Interesting op-ed in the WSJ today from a former UNSCOM bio-weapons guy arguing essentially that the anthrax in the attacks was weaponized in such a sophisticated fashion it’s unlikely Ivins—or any individual—could have produced it. Which leaves state sponsorship (or sub-state, if al-Qâ’ida or the like was willing to spend millions on research and equipment). I know Iraq was looked at pretty hard in this context, but if there was this kind of innovative weaponization involved, the obvious culprit is the Russians, or perhaps the Chinese. But talk about motive-less crimes. Perhaps (the fairly obvious step of) closely looking at individuals formerly associated the downsized Soviet lab Biopreparat—which was the world’s most sophisticated producer of weaponized anthrax, if I’m remembering right—will reveal that someone walked out with a baggie of death dust. (And yeah, the Volgi knows there are conspiracy theories revolving around Qanatjan Älibekov/Ken Alibek’s involvement. Don’t bother mailing.)
In general, I think the nuttiness of the Islamic Republic is overstated—they generally comport themselves like most rational state actors. However, their rationality has led them to believe that aggression, particularly through proxy terrorism, is rewarding. Consequently, they’re one of the more destabilizing forces in the region. And having the relative feeling of invulnerability that nukes provide isn’t going to make them any more demure. And of course, Ayatollâh Rafsanjânî once said
If a day comes when the world of Islam is duly equipped with the arms Israel has in possession, the strategy of colonialism would face a stalemate because application of an atomic bomb would not leave any thing in Israel but the same thing would just produce damages in the Muslim world. [Tehran, Friday sermon, 14 December 2001]
Of course “the world of Islam” has had nukes for some time in the state of Pakistan without much problems for Israel (though not insignificant ones for India), but given that ideologically, the Islamic Republic is the vanguard of a pan-Islamic state, its leaders might believe that nuking Israel, whatever the price, is a “win” in their book, and whatever “damages” they take to be rationally justifiable costs.
St. Norbert the Peacemaker, ora pro nobis.
During my usual course of perusing various websites, I came across this story on Slashdot. I find it humorous on a number of levels: First, COBOL…seriously. Second, they only started to try to revamp the system 10 years ago (that’s 1998) when a number of “newer” programming languages were more viable 10 years before that. Third, they couldn’t migrate the payroll data into a modern payroll system that most companies, many municipalities, etc. use? Fourth, and totally non-technical, I applaud the Governator for doing this when the state can’t pass a budget. Fiscal reform NOW! Congress, states, etc. shouldn’t be blowing budgets when the American people can’t blow their own…oh, wait, apparently they can and we’ll just bail them out. Ok, note to self: GorT-land’s Constitution to prohibit fiscal irresponsibility.. The state controller described the state’s payroll system as “a computing relic on par with vacuum tubes and floppy disks”.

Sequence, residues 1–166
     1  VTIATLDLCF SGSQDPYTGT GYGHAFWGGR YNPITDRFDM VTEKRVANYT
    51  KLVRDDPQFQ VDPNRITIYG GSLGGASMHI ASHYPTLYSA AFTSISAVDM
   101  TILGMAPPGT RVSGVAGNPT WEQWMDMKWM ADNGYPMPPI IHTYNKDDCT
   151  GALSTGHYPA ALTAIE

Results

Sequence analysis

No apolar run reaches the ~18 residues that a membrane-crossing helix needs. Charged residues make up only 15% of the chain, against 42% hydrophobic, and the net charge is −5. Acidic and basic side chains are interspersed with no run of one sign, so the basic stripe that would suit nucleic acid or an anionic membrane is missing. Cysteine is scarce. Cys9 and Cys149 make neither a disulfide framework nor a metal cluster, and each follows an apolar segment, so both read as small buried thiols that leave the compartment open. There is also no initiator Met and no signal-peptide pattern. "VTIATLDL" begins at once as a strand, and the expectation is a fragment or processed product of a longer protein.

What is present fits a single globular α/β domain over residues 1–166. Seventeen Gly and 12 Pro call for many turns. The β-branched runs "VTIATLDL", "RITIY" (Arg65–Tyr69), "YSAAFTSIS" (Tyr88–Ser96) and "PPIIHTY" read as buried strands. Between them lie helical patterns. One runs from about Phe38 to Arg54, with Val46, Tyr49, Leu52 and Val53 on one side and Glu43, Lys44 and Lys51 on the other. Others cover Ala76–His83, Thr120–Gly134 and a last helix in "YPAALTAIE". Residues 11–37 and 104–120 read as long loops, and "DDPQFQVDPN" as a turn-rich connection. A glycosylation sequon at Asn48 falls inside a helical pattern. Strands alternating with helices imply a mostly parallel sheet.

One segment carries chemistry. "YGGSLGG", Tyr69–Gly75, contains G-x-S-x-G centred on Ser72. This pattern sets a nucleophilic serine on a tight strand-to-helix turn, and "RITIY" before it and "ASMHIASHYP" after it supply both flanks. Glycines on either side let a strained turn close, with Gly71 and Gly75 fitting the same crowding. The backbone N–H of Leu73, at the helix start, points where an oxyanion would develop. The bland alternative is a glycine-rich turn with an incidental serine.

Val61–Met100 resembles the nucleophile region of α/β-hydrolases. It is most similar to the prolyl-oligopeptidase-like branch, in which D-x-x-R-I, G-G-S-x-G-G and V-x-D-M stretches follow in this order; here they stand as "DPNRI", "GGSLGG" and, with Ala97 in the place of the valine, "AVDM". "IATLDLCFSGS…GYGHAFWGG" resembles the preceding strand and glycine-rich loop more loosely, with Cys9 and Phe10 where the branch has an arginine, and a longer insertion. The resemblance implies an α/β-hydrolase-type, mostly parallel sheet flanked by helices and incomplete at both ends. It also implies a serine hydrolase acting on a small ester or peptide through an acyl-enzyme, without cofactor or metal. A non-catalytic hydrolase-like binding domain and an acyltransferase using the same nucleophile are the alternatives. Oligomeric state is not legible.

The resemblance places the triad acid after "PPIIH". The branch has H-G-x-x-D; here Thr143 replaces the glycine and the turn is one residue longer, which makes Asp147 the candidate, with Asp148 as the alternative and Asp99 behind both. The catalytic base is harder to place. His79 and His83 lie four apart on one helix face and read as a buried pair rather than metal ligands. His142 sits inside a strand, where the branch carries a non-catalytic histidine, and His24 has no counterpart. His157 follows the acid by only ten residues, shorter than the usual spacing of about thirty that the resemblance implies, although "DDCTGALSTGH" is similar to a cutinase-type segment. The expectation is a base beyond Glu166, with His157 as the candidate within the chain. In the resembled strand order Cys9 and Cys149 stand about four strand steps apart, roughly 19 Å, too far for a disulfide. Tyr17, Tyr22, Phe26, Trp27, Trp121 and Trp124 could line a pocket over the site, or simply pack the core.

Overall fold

Amanda Peet is my new favorite actor, and for reasons other than the ones showcased in her photo. Since I generally detest actors, it’s really not that much of an achievement to make the list. However, Ms. Peet’s refreshing candor on the vacuity of Hollywood’s denizens and their mind-boggling stupid pronouncements earns full marks.
“It seems that the media is often giving celebrities and actors more authority on this issue than they are giving the experts,” Peet said. “I know it’s a paradox, but that’s part of why I wanted to become a spokesperson, to say to people, ‘Please don’t listen to me. Don’t listen to actors. Go to the experts.'”